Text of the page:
What is the difference between notarization, apostille and legalization?
is the official fraud-deterrent process conducted by a notary public commissioned by a public authority to help deter fraud. It is often a three-part process that includes vetting, certifying, and record-keeping. Notarizations are sometimes referred to as "notarial acts." By notarizing a document by a duly commissioned and impartial notary public, this gives the assurance that a document is authentic, that its signature is genuine, and that its signer acted without duress or intimidation, and intended the terms of the document to be in full force and effect.
An apostille is an international certification affixed either to the original legal document or to a notarized copy of the original legal document that allows confirming the authenticity of the signature, capacity and seal of the said document’s emitter. It is obtained and used in the countries part to the Hague Convention Abolishing the Requirement of Legalization for Foreign Public Documents (“Hague Apostille Convention”). It eases the acceptance by authorities or regulated operators like banks of documents originating from another Member State. For the full list of countries part of the Hague Apostille Convention.
Apostilles are affixed by competent authorities designated by each Member State. For instance, the apostille is affixed by the Belgian/Luxembourg Mistery of Foreign Affairs which is also known as the legalization office which can create confusion with the legalization procedure.
allows a Belgian/Luxembourg document to be used abroad or a foreign document to be used in Belgium/Luxembourg. Legalization procedures frequently include several steps. In some cases, your document must be legalized by the competent Belgian/Luxembourg authority before the FPS Foreign Affairs can affix the legalization/apostille required for use abroad.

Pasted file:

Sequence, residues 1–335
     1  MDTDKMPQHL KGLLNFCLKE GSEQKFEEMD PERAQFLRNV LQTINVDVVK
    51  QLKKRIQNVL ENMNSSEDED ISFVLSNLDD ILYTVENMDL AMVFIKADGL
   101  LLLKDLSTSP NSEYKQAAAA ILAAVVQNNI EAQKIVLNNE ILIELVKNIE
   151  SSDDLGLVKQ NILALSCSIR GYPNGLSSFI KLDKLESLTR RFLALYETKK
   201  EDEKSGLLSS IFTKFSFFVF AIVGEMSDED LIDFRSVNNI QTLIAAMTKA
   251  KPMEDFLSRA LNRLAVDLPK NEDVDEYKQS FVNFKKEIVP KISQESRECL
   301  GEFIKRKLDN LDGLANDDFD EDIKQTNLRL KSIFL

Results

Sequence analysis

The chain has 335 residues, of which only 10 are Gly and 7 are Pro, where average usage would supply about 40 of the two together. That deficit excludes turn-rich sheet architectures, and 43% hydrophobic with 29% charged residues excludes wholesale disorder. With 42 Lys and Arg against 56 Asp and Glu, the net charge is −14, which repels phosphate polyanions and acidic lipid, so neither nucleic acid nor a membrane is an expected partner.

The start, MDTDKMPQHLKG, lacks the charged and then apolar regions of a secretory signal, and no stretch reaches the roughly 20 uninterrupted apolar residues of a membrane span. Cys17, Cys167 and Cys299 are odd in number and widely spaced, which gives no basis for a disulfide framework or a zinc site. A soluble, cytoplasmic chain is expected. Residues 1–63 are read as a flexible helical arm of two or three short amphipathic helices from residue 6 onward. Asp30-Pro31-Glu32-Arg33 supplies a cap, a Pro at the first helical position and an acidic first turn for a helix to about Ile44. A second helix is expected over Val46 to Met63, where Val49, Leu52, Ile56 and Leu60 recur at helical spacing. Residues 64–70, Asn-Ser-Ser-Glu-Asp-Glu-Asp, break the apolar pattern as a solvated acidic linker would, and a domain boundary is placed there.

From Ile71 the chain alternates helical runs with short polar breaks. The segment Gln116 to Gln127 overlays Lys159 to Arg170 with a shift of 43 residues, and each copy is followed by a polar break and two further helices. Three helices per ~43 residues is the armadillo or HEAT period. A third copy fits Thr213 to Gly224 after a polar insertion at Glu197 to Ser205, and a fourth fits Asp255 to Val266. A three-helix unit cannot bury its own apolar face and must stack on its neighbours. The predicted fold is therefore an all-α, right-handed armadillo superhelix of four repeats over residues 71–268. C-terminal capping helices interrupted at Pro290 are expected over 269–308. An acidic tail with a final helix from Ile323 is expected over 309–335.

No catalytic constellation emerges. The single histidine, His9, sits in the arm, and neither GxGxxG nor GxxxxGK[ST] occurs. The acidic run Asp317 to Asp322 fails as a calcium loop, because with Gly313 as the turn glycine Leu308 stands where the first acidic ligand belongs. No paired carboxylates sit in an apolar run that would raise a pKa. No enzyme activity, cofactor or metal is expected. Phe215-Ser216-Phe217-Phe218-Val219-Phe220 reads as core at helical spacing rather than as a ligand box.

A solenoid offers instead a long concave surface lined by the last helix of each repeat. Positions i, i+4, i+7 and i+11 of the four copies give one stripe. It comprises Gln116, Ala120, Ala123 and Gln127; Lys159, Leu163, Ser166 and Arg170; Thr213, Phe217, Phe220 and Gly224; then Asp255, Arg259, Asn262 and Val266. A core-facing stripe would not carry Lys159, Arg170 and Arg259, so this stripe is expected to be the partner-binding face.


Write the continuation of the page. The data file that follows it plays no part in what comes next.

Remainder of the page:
The legalization is an alternate authentication procedure applicable mostly when the Hague Apostille Convention is not applicable. The procedure may vary from one country to another. Usually, it implies that the document will be legalized by an authority of the originating country, such as the Foreign Ministry in some countries, which own authentication will then be legalized by the Embassy or Consulate of the receiving country. The representation’s certification may in turn be certified by Foreign Ministry. In practice, this means that the document must be certified several times – the international legalization process may possibly consist in a sequence of 4 or more consecutive legalizations – by different authorities before the legalization may have a full legal effect in the country where the document ought to be used. This is the case, for instance, in the United Arab Emirates (“UAE”) or Canada as these countries are not part of the Hague Apostille Convention.
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